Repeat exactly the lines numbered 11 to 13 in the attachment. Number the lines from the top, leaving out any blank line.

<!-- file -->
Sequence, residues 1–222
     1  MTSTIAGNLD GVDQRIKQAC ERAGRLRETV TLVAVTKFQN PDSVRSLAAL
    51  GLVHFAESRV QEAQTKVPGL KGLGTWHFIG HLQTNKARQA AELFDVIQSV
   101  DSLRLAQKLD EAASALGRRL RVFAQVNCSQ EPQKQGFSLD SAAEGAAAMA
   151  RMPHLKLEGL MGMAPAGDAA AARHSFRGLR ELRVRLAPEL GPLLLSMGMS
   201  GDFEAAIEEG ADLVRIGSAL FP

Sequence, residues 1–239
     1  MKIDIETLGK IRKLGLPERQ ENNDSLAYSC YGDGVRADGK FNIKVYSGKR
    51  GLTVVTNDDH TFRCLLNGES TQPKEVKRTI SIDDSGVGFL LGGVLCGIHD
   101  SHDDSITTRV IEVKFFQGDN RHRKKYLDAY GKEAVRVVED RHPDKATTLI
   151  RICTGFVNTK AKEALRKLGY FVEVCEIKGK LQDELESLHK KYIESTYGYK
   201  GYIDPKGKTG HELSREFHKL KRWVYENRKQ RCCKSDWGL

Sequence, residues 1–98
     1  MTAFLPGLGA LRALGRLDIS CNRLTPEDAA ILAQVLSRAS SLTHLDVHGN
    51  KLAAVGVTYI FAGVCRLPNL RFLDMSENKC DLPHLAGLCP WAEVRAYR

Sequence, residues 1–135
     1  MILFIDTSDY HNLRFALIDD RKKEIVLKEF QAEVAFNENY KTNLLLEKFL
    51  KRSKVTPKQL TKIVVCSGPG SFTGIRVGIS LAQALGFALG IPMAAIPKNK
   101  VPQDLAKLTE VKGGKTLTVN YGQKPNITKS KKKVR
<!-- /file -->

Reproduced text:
   151  RICTGFVNTK AKEALRKLGY FVEVCEIKGK LQDELESLHK KYIESTYGYK
   201  GYIDPKGKTG HELSREFHKL KRWVYENRKQ RCCKSDWGL

Sequence, residues 1–98